So you want to start your own business.
You have written a solid business plan and raised the necessary capital. Before assembling your team and drawing your business logo, have you considered which country you should grow your business in?
Yes, business-wise some countries embrace and nurture the entrepreneurial initiative while other countries make it difficult for businesses to succeed.
Curious which are the best countries for business in 2018?
Forbes’ Best Countries for Business in 2018 is a list of 153 nations ranked on 15 different factors. These factors include: property rights, innovation, taxes, technology, corruption, freedom (personal, trade and monetary), red tape, investor protection, workforce, infrastructure, market size, quality of life and political risk.
Here is the Top 10 Best Countries for Business in 2018:
1. United Kingdom of Great Britain
The UK is the third largest economy in Europe after Germany and France, leading the world in the trading and financial sector. The UK produces about 60% of its food needs with less than 2% of the labor force. Beginning with 2005 the UK has been importing energy to meet population needs.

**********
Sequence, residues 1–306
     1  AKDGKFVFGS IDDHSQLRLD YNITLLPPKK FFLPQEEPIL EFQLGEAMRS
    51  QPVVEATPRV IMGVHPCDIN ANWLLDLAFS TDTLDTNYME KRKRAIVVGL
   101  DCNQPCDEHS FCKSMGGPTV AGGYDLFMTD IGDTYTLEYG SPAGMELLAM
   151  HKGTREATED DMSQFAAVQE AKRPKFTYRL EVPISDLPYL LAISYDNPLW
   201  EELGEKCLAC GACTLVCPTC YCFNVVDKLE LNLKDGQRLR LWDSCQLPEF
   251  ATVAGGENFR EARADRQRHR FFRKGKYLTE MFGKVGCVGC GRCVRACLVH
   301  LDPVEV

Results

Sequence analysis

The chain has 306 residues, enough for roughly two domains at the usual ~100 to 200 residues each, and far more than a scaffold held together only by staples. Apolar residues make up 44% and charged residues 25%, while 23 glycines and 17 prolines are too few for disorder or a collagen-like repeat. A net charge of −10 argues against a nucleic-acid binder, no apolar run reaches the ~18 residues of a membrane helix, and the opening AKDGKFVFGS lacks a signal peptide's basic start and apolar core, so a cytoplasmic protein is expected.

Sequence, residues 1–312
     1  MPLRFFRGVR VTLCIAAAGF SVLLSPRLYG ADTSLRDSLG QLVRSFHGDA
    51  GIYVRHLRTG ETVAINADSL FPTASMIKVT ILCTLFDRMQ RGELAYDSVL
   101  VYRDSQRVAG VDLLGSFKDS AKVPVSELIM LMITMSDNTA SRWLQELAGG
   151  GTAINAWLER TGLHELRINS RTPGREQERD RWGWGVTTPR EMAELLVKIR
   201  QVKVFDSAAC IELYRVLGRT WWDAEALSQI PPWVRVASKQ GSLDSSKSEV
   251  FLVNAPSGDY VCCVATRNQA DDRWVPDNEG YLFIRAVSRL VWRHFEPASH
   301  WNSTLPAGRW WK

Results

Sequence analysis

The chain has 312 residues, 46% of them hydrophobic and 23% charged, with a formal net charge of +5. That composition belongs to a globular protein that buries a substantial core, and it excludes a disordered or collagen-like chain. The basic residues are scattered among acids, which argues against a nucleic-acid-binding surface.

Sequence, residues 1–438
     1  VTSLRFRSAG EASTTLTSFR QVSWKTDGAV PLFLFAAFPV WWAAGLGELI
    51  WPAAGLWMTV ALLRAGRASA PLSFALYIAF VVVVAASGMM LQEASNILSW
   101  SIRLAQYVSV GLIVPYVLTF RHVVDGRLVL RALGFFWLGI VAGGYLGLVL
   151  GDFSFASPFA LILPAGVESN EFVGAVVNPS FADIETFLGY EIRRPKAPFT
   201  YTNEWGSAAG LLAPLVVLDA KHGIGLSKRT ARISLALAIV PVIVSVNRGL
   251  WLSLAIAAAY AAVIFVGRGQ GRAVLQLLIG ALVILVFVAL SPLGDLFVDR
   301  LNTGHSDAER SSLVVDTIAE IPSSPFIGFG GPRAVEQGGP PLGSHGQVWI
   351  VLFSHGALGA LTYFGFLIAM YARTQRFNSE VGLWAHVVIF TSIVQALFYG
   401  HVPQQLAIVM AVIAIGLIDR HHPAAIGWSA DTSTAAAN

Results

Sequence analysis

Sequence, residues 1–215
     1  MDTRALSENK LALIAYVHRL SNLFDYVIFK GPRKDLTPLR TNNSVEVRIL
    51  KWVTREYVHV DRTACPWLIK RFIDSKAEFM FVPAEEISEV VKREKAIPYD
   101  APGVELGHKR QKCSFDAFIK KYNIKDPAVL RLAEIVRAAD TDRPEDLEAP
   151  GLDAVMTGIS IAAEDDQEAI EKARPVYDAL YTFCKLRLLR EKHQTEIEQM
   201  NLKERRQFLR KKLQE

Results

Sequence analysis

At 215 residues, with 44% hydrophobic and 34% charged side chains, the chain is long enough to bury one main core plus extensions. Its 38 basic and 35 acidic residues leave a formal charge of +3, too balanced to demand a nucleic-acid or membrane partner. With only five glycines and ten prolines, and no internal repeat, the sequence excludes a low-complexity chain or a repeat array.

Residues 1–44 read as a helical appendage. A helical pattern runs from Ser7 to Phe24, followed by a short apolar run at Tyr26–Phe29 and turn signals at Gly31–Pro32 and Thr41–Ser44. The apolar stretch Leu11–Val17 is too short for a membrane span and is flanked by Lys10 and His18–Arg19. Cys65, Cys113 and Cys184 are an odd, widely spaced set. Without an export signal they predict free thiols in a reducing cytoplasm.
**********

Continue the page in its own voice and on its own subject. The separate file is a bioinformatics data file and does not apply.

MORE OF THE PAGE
The key drivers of British GDP growth are services, particularly banking, insurance, and business services. Regarding its corporation tax, Britain has pledged to lower it from 20% to 17% by 2020.
technology – 4
investor protection – 10
2. New Zealand
New Zealand is an industrialized, free market economy that can compete globally with other powerful countries.
The economy pulled out of recession in 2009, and achieved 2%-3% growth from 2011 to 2016. The New Zealand government’s continued programs include expanding export markets, developing capital markets, investing in innovation, raising productivity growth, and developing infrastructure, while easing its fiscal austerity. One of New Zealand’s top foreign policy priority is to expand the country’s network of free trade agreements.
investor protection – 2
tax burden – 9
The Netherlands is the sixth-largest economy in the European Union. The country plays an important role as a European transportation hub, with a persistently high trade surplus, stable industrial relations, and low unemployment.